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R. Bremner, M. Pacal, D. Chen; Mutant Cell Competition, Normal Rods, and E2F1-Driven Differentiation Defects in Rb/p107-Null Retinal Clones. Invest. Ophthalmol. Vis. Sci. 2007;48(13):1929.
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© ARVO (1962-2015); The Authors (2016-present)
There is controversy over retinoblastoma (Rb) family function in retinal development, whether Rb has direct effects on differentiation, and which targets mediate this function. We exploited a sporadic knockout (KO) approach to define cell-autonomous defects in retinal clones lacking Rb and its relative p107, and to identify downstream effectors.
Sporadic KO of the Rb gene was induced by delivering a Cre retrovirus to the subretinal space of newborn floxed Rb mice. Clones were identified by GFP fluorescence. Division and death were assessed by BrdU and TUNEL labeling. Cell types were identified with specific markers.
Newborn retinal transition cells (RTCs) are normally post-mitotic, but RbKO or Rb/p107 double KO (DKO) RTCs proliferated ectopically. Different division and apoptosis rates in mutant clones depleted weaker bipolar RTCs but increased fitter amacrine cells, yet remarkably, mature clones were normal sizes. "Cell competition" selects the fitter of normal versus mutant cells, but in our case competition was mutant-specific. Strikingly, while mutants did not affect normal cells, the latter may support mutant rods, since sporadic mutant rods showed improved survival over blanket mutant rods. Others suggested Rb controls rod differentiation, but all RbKO and most DKO cells, including rods, differentiated normally. Novel defects were discovered in DKO Müller and bipolar cells. Classically, Rb promotes differentiation by potentiating tissue-specific factors, not repressing E2F, but inactivating E2F1 suppressed every defect.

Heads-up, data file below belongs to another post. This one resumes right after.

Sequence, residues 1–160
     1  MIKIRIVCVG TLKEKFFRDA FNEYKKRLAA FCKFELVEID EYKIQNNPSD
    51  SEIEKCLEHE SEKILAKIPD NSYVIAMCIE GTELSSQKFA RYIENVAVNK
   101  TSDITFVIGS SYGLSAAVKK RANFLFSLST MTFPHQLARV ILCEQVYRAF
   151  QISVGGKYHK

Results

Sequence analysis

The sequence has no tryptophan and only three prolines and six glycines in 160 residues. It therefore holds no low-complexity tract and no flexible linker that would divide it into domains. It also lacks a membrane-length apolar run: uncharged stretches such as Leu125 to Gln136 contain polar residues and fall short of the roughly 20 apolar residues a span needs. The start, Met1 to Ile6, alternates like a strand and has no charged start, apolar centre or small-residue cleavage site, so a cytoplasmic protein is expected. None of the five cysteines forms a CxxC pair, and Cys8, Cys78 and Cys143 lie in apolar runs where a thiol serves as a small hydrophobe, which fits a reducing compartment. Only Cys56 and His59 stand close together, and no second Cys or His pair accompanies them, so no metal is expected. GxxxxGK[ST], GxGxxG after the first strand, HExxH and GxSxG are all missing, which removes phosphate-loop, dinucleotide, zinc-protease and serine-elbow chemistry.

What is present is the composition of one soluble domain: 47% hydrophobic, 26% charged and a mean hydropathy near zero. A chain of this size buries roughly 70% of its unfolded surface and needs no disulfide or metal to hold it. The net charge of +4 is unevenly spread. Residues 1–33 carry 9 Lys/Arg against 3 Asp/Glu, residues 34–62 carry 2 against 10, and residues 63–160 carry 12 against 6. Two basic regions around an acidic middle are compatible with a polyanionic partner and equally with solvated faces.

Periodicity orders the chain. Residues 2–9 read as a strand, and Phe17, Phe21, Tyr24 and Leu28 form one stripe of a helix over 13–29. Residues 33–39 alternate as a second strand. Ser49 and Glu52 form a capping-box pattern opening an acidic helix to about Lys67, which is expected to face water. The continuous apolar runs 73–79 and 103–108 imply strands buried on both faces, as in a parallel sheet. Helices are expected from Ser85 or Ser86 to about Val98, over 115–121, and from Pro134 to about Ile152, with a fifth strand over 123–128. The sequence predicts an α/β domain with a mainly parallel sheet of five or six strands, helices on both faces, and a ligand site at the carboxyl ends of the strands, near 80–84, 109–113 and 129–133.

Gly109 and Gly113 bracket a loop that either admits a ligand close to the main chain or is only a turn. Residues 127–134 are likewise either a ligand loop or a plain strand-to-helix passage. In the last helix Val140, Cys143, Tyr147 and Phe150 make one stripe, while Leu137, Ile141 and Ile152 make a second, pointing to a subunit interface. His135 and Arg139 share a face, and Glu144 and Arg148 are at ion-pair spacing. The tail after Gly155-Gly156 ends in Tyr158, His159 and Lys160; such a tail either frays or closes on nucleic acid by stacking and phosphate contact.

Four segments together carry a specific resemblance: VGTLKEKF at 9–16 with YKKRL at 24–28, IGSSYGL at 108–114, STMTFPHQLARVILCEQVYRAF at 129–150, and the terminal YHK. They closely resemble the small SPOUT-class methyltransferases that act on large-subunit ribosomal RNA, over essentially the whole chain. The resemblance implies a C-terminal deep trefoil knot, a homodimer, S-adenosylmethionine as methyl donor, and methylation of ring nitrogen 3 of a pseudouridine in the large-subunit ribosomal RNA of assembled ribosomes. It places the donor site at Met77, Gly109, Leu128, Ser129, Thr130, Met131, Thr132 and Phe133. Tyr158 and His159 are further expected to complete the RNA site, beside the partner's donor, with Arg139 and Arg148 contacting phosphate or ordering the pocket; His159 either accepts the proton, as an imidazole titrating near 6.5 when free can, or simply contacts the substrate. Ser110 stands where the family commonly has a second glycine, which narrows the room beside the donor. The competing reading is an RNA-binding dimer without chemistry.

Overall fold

Stem cells or progenitors are favored as the origins of many tumors, but retinoblastoma could begin from an aberrantly dividing differentiating cell. The fittest dividing cells are likely to be the most tumor-prone. Improved survival of sporadic Rb-deficient rods may explain why sporadic RB loss in humans generates photoreceptor-like retinoblastoma. Unexpectedly, E2F1 orchestrates all mutant RTC defects, including aberrant differentiation and the novel phenomenon of mutant cell competition. E2Fs may have been overlooked as Rb differentiation targets in other scenarios.
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